CASCADE TOWNSHIP — Trying to stay lean is tough to do when the cost of materials rises.
Manufacturers who produce with steel know that all too well.
Steel prices rose radically last year from the previous year. The average world price for a ton of hot rolled coil went from $247 in December 2001 to $342 in January 2003, a jump of 38 percent. Cold rolled coil, the choice of furniture makers, climbed from $315 a ton to $420 a ton over the same period, a 34 percent rise. Hot or cold, neither was a “steal.”
Although worldwide prices dipped in August, they remained historically high.
Hot rolled was selling for $333 a ton and cold rolled was at $424, both down $3 from July. Prices like those have driven some manufacturers to the secondary steel market, and locally the Alto Steel Co. Inc. has served that sector since 1987.
Alto Steel brokers and distributes steel from its office at 2828 Kraft Ave. SE.
It’s a two-person firm with Guy Crawford and Simon Vallance as partners. Alto primarily deals with domestic steel, which accounts for nearly all of its business.
“We’re not selling directly to a Steelcase, or a Haworth, or someone that is going to make parts for cars, or stamping plants. We deal with the people that sell to those people,” said Crawford.
“We handle all the financing,” he added.
Crawford characterized steel prices over the past two years as “extremely fluctuating.” He noted that prices were low two years ago. But a year later, prices began to rise for domestic and imported steel.
“It rose dramatically throughout 2002. I think for the most part everybody, regardless of what aspect of the steel business they were in, enjoyed a pretty good year for 2002,” he said. “But toward the end of 2002, prices started going down.”
Crawford said business remained good at Alto through the middle of March when demand on the secondary market slowed and prices fell.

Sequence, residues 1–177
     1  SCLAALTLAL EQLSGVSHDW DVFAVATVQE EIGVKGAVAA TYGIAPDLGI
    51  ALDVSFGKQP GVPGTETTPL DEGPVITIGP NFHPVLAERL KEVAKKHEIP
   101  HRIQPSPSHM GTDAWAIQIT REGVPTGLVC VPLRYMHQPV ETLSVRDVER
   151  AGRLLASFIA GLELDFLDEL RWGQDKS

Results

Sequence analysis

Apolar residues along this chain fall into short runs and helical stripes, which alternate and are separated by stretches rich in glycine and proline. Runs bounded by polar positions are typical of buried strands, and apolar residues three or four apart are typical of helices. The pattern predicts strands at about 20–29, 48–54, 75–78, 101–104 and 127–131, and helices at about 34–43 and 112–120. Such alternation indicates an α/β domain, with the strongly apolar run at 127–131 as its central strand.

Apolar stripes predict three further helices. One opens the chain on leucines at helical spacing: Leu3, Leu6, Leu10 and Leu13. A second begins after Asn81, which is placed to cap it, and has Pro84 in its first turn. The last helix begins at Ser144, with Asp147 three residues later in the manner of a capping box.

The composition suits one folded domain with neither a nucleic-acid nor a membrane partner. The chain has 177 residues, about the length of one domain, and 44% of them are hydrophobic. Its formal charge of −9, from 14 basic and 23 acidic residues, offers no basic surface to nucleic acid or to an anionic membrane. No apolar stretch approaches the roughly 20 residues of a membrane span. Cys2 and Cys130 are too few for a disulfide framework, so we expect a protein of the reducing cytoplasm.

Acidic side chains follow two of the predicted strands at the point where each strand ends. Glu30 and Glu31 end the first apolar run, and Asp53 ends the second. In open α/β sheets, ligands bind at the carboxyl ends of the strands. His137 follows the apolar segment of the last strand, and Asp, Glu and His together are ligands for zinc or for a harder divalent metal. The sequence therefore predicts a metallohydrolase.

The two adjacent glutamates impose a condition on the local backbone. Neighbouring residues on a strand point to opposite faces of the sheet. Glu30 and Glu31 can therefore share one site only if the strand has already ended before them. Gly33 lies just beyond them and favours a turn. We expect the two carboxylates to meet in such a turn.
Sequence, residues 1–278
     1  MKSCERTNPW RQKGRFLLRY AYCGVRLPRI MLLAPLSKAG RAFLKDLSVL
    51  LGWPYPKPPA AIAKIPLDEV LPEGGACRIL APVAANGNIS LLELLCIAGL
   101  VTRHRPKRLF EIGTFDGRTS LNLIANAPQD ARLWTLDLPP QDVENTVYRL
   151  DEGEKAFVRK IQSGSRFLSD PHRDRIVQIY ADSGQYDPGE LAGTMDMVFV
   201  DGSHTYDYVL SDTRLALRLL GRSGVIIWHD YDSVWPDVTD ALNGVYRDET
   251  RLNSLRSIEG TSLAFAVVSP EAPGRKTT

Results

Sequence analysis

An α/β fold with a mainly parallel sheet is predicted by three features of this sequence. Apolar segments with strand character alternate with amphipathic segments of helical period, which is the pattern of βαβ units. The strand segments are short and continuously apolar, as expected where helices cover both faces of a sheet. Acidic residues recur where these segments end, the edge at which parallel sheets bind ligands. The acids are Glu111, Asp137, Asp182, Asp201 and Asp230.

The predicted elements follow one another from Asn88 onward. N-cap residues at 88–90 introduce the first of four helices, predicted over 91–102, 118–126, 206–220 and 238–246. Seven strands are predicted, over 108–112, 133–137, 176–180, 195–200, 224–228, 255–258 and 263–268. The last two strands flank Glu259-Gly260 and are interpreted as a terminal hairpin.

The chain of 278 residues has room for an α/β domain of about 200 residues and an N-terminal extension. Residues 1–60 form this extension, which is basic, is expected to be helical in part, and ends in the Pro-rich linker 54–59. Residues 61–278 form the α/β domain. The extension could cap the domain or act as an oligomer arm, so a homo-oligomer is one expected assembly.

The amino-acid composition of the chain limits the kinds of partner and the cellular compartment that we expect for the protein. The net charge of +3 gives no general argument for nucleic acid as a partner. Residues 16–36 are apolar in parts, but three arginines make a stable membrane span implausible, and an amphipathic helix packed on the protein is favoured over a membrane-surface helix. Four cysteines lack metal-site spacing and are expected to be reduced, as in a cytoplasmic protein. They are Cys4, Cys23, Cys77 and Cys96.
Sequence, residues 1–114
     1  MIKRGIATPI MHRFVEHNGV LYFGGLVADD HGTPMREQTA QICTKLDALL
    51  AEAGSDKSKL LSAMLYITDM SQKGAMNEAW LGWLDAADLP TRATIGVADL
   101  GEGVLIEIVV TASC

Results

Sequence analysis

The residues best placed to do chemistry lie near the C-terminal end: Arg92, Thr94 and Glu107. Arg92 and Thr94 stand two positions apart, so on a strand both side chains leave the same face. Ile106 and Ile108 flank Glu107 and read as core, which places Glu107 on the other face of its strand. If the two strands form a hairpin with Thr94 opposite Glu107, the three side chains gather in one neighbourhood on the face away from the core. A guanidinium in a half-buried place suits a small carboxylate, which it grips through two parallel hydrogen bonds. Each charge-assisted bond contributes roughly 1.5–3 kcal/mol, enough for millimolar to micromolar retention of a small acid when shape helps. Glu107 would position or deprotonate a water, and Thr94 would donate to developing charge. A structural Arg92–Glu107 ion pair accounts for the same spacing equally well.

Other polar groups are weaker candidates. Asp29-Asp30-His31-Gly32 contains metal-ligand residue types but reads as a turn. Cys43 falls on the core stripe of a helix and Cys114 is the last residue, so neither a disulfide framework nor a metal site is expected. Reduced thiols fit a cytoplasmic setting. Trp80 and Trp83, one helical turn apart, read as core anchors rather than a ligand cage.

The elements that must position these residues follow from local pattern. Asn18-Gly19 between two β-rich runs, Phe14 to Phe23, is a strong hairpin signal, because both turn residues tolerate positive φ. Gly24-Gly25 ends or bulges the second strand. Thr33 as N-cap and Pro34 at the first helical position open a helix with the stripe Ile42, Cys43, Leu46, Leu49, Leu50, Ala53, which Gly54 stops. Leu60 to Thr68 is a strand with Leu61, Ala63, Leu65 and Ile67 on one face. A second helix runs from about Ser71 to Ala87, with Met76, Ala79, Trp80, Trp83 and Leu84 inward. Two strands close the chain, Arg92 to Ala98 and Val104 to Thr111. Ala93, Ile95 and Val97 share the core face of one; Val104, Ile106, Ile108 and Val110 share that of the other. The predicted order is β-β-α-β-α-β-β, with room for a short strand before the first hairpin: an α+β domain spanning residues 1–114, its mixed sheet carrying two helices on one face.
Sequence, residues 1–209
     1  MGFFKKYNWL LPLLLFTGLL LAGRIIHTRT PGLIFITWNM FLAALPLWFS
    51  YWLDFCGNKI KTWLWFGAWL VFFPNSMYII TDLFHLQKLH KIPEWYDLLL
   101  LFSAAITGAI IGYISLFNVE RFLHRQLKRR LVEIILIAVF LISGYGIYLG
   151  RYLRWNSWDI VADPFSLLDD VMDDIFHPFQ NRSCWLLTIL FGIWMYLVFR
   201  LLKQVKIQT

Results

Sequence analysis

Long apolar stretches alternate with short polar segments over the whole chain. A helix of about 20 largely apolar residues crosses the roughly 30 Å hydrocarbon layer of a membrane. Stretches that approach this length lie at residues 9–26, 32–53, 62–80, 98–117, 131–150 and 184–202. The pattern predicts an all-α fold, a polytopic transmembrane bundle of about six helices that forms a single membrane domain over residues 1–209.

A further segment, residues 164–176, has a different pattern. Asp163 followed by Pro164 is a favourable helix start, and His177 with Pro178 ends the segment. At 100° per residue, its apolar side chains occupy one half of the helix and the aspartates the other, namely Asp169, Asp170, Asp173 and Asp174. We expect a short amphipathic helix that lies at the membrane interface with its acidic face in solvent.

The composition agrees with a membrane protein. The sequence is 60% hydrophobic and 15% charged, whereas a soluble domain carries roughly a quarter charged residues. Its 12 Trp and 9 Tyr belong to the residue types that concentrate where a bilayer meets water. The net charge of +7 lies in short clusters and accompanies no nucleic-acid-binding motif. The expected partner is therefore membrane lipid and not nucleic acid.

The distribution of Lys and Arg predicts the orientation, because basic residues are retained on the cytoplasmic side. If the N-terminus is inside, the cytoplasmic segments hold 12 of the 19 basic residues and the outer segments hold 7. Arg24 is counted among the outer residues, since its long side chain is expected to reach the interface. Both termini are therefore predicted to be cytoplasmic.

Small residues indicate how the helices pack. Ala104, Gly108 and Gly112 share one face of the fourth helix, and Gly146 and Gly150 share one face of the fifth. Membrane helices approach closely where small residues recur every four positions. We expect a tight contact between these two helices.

Prices were soft through the second quarter, but have begun to rise again over the past few weeks. But business can be good for Alto whether steel prices go up or down, as the firm can easily move in either direction.
“I like to think of ourselves, when it comes to pricing, as a cork in water,” he said.
“If the water rises we just kind of rise with the prices. We are not inventorying a lot of material. We try not to, so we’re able to fluctuate with prices much better than other people because what inventory we’re sitting on is fairly minimal.”
Alto Steel operates in what Crawford said was a small niche.
Secondary steel is not a design-flawed product. Nor is there anything wrong with its strength or texture. It may have a surface defect such as a scratch or rust or may have been mistakenly cut to the wrong size, temper or hardness. But others can use the product. And those who can, can save on their steel costs compared to what the product would fetch on the primary market.
“The material comes out from a primary-producing mill ordered by a steel-service center or a manufacturer,” he said.
“We buy that type of material from people who have mill field claim programs, where they have a contract with a mill to buy this material that has been rejected out in the field. We have customers that can live with these defects.
“A lot of times the material is downgraded to secondary, but it’s still like prime because it’s only a gauge problem. We just sell it to someone who can use that thickness. Other than that, there is nothing wrong with the steel.”
Crawford said he has sold a lot of hot and cold rolled coil, while Vallance has been selling galvanized coil that is hot dipped.
For the coming months, Crawford thought prices would continue to rise and might do so into early next year. He said prices have a tendency to dip in the summer, when production usually slows, and he thought that scenario could play itself out again next summer.
Crawford said prices rose last year because mills shut down, or were consolidated, and the supply of prime material was diminished.
At the same time, demand increased, so the mills got higher prices.
The tariff enacted by the Bush administration was also partially responsible for steel price increases because it made imported steel more expensive, thus allowing domestic producers to hike their prices.
Before the tariff, the U.S. dollar was stronger here than overseas, and foreign producers could sell their steel here for a higher profit than they could at home.
“The dollar was so strong it was like a built-in price increase for them,” said Crawford.
“Compared to what the domestic mills were charging, some fairly inexpensive steel got in and a lot of people took advantage of that. And that brought the bottom out of the domestic steel mill prices.”